A Call for Cooperative Leadership, Part II


(You can read Part I here.)

Last month, Neylan McBain brought up the idea of a cooperative leadership model for the Church. She’s quite brilliant, and if you haven’t read her presentation at the 2012 FAIR conference, go do it! Because this is going to be what everyone assumes everyone else knows as we navigate the next decade or so of gender issues in the Church.

Here’s a snippet, if you aren’t intrigued yet:

Nowhere does the Lord intimate that various callings and responsibilities are intended to give one person power over another. In fact, the words “lead” and “leader” appear nowhere in [D&C 107],  and similarly, the word “leader” appears nowhere in the Book of Mormon. Even that book’s most admirable leaders, like Captain Moroni, are described as “servant[s]” and “righteous follower[s] of Christ.” This emphasis on organizational stability, on the specific roles and responsibilities of various parties to act as facilitators within the larger community, is, we believe, of divine origin and eternal value.

I should note here that the woman speaking is a marketer, a really stellar public relations professional, and that she originally wrote these words to present to a general authority who was writing a short response to a question from the Washington Post about the Church’s stance on gender equality. Doctrinally speaking, I think she’s spot-on. The problem, of course, is that as a church and a people we tend to think of doctrine as doctrine, and practice as practice, and because we’re so busy doing good and living the programs of the Church, we forget to let doctrine inform practice. (Raise your hand if you’ve ever tried forcing a child to be reverent. Or if you’ve ever paid for a distribution center order with a credit card. Everyone with me? Okay, let’s continue.)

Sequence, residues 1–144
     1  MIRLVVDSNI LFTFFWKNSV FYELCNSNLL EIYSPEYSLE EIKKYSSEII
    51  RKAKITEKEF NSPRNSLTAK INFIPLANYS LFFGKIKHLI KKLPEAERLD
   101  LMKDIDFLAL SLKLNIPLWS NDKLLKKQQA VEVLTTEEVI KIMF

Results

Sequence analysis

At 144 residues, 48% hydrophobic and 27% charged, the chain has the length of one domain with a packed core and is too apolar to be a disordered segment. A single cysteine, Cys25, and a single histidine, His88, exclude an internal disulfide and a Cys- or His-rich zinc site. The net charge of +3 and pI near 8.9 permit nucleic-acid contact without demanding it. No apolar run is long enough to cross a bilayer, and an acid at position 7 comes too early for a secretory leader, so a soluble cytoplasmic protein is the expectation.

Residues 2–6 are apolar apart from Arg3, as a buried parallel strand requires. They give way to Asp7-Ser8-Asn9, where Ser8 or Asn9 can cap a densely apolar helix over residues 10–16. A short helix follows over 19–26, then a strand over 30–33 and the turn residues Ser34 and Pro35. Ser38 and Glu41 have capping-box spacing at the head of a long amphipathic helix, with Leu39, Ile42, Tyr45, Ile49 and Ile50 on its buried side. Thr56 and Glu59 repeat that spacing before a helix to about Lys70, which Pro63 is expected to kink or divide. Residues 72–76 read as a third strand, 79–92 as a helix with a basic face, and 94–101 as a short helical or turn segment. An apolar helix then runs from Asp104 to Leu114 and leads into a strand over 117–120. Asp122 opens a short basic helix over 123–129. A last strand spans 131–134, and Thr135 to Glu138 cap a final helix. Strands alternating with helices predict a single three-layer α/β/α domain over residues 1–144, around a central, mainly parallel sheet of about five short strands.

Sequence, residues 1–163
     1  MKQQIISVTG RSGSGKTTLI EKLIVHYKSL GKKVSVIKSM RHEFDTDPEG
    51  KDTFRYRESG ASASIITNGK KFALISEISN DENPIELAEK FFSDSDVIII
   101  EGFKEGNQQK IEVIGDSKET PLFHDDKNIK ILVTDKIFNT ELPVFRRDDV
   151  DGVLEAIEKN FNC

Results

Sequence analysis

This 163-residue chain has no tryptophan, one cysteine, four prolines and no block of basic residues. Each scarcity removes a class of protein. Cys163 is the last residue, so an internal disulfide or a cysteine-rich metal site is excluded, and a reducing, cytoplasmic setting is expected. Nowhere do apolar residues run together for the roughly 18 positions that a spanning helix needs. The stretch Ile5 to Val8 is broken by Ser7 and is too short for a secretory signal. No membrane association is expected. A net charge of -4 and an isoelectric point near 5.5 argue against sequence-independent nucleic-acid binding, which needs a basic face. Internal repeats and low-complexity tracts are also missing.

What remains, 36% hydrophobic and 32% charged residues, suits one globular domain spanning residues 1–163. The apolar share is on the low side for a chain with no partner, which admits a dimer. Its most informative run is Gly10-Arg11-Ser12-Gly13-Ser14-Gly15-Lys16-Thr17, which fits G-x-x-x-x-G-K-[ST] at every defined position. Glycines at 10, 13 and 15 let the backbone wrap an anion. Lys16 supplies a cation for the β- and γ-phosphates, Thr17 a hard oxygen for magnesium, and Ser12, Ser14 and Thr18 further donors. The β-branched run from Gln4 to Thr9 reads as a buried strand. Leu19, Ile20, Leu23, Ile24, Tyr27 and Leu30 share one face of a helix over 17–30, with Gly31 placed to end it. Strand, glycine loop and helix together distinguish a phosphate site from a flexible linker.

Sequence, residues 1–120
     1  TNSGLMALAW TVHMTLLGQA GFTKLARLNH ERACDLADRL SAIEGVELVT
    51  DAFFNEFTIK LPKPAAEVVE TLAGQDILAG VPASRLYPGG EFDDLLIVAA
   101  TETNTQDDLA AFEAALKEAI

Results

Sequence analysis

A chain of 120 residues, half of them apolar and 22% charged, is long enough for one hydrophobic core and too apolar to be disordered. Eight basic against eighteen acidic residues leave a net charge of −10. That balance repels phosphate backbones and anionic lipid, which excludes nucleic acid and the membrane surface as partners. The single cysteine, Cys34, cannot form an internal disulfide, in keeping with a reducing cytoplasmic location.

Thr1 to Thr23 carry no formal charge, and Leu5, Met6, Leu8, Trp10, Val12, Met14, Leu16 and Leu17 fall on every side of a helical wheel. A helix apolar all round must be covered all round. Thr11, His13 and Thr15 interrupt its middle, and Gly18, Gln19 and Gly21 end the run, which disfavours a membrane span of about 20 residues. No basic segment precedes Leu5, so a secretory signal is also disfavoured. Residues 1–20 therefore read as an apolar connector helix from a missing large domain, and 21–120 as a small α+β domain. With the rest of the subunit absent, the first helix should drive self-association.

At the end of August, when I had struggled to find someone who was willing and available to teach a Relief Society lesson, I received an unexpected mitzvah: my stake Relief Society president, who is also a member of my ward, volunteered to teach. To my great surprise (and, well, the surprise of everyone else in the class), she chose to teach about unrighteous dominion. (Her text was an April 2012 general conference talk, “Only upon the Principles of Righteousness,” and it’s very, very good.)

After introducing the topic, she asked us to give examples we had seen of both righteous and unrighteous leadership practices in the Church. Awkward silence followed, then a few examples of what had appeared to be unrighteous dominion but was really just a miscommunication, then more awkward silence. Unfazed, she kept digging, this time with a sardonic grin: “Ladies, this is not going to be very interesting if no one gives any bad examples.” And then there were a few — a very few, but at least enough to let the women in the room know that it was okay to talk about.

What struck me about the lesson — in addition to the content and her determination to cover it — was that the stake Relief Society president had to explicitly say that it was okay to talk about unrighteous dominion. A group of over-achieving, smart, highly capable women felt that we had to have permission to talk about the times when Church leaders had made bad decisions, micromanaged their congregations, or declared that something was going to be done a certain way because they said so.

We’re Mormons. We organize people and make things happen: PTA fundraisers, town-wide food drives, political campaigns. We managed a mass migration across the North American plains and got the United States government to pay for much of it — and then we set up a strategy that allowed our newly-baptized European brothers and sisters to join us in our desert Eden. From our loins sprang heralded gurus of organizational leadership and unordained apostles of management.

So the fact that the women in my ward couldn’t bring themselves to talk about poor organizational management — which is really just secular business-speak for unrighteous dominion — tells me that there is something amiss. Why was it taboo? Why were sisters who could give the Big Rocks lesson on time management defending examples of obviously poor leadership decisions with “You know, extending callings can take a lot of time” or “Well, that leader might have been inspired to do it that way”? Why couldn’t we disagree with or — dare we say it? — question our leaders?